Palazzo del Quirinale was initially built towards the end of the XVIth century as a summer
residence for the popes, because of its position at a certain distance from the River Tiber, which reduced the risk of contracting malaria, and on a hill which enjoyed to a great extent the breeze which at sunset
tempers the heat of the Roman summer days.
Enlarged and embellished by several popes, with Pope Clement XII (1730-1740) the palace became the official residence of the Pope. When the Italian troops arrived on September 20, 1870, Pope Pius IX, while claiming the illegitimacy of the Italian occupation, preferred to retire to the Vatican. The Quirinale, as the palace is commonly called, then became the residence of the King of Italy and after 1946 of the President of the Republic.
Every decent Italian sees in the palace a symbol of the Nation and when he/she reaches its entrance, decorated with the eagles of the Borghese, the statues of St. Peter and St. Paul, the cross of the Savoia royal family and the Italian and European flags, he/she feels compelled to start humming the national anthem, but...
Entrance to Palazzo del Quirinale
... the stateliness of the portal designed in 1615 by Carlo Maderno for Pope Paul V Borghese is
interrupted by a tiny irreverent mask almost hidden in a little case below the inscription celebrating the completion of the portal itself.
The domes of its churches, the obelisks and the fountains of its squares, the statues of saints, angels and virtues, the gigantic coats of arms of the popes and the inscriptions celebrating their achievements all contribute to the grandeur and pomp of Rome. But those same popes and artists who wanted and designed these monuments included a sort of antidote against their works being taken too seriously: a laughing mask was very often hidden in works of art designed between 1550 and 1750.
The image you see in the background of this page shows a mask hidden in a fountain designed by Giovanni Vasanzio for Pope Paul V.
Bernini decorated Palazzo Barberini with a traditional frieze, but while the triglyphs are designed according to the canons of classical architecture, the reliefs of some metopes are pretty unusual: they portray masks in different moods in a frame of bat wings: it is difficult to understand why in a palace meant to testify to the glory of the Barberini, both the family and Bernini agreed to include these reliefs, but one has to remember that Apollo and Daphne, the most celebrated statue by Bernini, is a metaphor of illusion, of the possibility of something not being what we believe it is.
Bernini often hid masks in the lower part of a coat of arms. The eight coats of arms he designed for the baldaquin in S. Pietro all have masks in different attitudes. He personally sculpted the laughing mask of the coat of arms of Pope Innocent X in Fontana dei Quattro Fiumi. Bernini hid a slightly mysterious mask, maybe an Egyptian prince, in the pedestal he designed for Obelisco della Minerva.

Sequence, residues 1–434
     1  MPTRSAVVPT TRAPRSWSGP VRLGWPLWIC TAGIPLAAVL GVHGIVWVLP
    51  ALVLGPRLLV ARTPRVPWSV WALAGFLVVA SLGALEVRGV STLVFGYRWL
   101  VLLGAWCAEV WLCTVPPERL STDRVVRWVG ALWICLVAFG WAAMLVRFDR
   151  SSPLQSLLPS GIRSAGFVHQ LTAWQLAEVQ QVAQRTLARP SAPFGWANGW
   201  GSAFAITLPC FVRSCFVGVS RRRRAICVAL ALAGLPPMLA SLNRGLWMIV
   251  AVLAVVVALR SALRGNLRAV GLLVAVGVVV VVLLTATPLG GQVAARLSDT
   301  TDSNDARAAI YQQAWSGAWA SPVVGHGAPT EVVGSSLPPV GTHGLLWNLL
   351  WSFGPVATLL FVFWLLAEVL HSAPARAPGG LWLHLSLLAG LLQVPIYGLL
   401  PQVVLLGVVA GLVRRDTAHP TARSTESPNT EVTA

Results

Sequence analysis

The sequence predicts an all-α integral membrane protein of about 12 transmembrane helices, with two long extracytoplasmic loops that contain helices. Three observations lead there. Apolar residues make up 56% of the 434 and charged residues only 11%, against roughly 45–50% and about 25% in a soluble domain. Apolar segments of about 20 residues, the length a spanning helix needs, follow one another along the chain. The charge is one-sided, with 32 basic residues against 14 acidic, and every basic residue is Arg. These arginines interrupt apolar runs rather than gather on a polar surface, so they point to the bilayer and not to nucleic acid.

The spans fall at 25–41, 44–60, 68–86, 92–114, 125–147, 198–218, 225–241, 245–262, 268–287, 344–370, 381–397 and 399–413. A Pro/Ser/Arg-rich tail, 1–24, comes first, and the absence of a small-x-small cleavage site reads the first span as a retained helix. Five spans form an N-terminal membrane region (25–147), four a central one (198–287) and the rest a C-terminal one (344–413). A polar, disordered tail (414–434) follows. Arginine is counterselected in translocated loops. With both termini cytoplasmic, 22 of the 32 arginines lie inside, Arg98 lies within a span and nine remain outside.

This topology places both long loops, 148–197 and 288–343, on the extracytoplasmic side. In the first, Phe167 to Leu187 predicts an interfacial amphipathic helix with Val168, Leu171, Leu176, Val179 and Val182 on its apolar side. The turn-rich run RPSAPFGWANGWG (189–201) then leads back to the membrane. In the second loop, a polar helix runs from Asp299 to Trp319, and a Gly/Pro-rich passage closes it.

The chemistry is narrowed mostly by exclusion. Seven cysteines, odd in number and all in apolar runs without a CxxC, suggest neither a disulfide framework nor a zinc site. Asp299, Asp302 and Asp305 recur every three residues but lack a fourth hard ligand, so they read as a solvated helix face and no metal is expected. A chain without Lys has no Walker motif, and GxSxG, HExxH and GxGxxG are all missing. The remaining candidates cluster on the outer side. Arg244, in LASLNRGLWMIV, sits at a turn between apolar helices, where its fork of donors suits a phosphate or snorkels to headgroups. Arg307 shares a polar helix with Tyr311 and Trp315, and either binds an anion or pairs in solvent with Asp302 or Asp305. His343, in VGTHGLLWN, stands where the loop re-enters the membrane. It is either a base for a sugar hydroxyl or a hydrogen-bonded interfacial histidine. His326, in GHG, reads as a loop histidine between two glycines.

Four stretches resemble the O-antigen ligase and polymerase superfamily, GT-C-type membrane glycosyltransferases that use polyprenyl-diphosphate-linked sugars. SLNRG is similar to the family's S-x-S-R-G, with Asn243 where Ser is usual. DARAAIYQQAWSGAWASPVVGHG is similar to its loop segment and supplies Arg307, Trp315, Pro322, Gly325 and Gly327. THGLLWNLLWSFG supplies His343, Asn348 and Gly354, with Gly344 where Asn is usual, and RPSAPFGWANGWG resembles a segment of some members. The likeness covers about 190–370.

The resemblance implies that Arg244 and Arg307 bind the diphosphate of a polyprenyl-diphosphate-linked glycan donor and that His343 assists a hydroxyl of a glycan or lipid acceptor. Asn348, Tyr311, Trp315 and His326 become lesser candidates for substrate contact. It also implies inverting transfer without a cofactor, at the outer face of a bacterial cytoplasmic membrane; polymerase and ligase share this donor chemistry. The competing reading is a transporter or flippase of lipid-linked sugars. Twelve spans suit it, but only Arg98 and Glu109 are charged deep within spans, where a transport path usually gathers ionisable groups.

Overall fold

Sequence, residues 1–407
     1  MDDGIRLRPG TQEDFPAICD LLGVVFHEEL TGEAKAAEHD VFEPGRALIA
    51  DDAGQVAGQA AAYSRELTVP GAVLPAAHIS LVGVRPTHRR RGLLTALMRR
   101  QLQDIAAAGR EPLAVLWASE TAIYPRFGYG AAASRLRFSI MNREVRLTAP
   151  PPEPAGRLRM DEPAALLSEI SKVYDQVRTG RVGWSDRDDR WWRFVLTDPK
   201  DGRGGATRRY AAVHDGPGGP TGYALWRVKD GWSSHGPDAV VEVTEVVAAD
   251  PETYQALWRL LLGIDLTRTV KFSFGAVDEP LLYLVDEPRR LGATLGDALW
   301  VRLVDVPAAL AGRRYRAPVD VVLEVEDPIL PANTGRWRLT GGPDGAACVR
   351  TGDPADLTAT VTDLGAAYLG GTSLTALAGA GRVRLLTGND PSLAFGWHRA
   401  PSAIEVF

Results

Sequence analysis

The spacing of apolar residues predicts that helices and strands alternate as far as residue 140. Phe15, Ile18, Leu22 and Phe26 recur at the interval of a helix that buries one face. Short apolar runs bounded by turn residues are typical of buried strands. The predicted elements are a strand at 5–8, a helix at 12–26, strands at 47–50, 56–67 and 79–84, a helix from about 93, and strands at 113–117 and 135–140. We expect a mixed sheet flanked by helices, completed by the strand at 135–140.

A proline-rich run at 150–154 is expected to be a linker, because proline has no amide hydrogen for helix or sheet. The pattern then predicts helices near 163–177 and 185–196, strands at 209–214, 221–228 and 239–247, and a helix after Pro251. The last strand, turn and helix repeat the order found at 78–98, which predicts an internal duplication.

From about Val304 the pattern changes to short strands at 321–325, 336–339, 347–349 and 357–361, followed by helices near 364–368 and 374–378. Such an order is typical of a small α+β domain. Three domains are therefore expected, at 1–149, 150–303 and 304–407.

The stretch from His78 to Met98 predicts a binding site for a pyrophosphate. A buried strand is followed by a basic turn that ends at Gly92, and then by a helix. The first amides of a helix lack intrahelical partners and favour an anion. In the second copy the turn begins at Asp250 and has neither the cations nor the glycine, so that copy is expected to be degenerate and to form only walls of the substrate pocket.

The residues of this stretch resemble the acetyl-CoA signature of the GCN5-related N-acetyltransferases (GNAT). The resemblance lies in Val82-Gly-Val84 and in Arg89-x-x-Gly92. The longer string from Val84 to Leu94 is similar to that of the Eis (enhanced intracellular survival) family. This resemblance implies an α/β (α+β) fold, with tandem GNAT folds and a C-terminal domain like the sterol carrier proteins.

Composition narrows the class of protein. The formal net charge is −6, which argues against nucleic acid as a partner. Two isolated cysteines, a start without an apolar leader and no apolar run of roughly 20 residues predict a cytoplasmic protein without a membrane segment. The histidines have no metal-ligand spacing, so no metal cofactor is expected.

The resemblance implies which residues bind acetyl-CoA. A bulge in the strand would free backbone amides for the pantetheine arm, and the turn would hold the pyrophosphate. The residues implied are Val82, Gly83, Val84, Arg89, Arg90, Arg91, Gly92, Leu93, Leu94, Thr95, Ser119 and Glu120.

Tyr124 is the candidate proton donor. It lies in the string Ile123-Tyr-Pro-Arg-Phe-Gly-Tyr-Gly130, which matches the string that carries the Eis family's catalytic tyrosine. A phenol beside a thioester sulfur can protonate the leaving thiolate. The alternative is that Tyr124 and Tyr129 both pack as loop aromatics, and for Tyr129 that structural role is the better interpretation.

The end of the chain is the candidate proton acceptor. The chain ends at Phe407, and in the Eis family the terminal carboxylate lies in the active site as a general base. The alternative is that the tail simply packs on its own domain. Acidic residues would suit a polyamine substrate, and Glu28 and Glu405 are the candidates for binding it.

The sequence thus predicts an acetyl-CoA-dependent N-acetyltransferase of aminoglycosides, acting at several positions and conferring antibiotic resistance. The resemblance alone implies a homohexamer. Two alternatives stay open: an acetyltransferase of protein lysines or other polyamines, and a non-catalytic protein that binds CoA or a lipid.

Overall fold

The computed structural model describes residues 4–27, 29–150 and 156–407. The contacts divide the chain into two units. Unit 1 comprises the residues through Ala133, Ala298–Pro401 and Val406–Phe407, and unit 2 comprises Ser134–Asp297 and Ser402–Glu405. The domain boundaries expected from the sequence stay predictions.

Many other coats of arms show hidden masks: they can be seen not only in the coats of arms designed during the Baroque period, but also in those of the XIXth and XXth centuries.
The portal of Palazzo del Quirinale is not the only one to be decorated with a mask. In some cases, rather than being hidden, they constitute the main decoration of the portal. Palazzo Cerri has a very strange mask which portrays a man in the act of waking up and yawning: in addition to the mask at the centre of the portal the folds of the lateral decorations design a threatening face.
Occasionally one mask was not thought to be enough. Flaminio Ponzio who designed in 1612-1614 the side of Palazzo Borghese overlooking the Tiber included three masks in the corbels supporting the balcony. While the central and the lower masks can be seen from all viewpoints, the upper one can be noticed only from below.
Even churches were decorated with masks, although they could hardly be considered a Christian symbol.
The masks are usually ignored in the description of the monuments of Rome, nevertheless they contribute to make more human a city which has an excess of sanctity and glory.
Masks on the pedestal of Cellini's Perseus in Florence
You may wish to see a page on similarities between the monuments of Rome and those of Florence.
Other pages dealing with Baroque sculpture:
Statues in the act of praying
Monuments showing the dead in a medallion
Three chapels by Gian Lorenzo Bernini
Representation of Death in Baroque sculptures
Three busts by Alessandro Algardi
Baroque Monuments to the Popes
Bernini's Exiled Statue
Baroque High Reliefs
Statues Close to Heaven
Embittered Andrew (the statues in St. Peter's octagon)
The Last Baroque Tomb
Playing with Colours
A Directory of Baroque Sculpture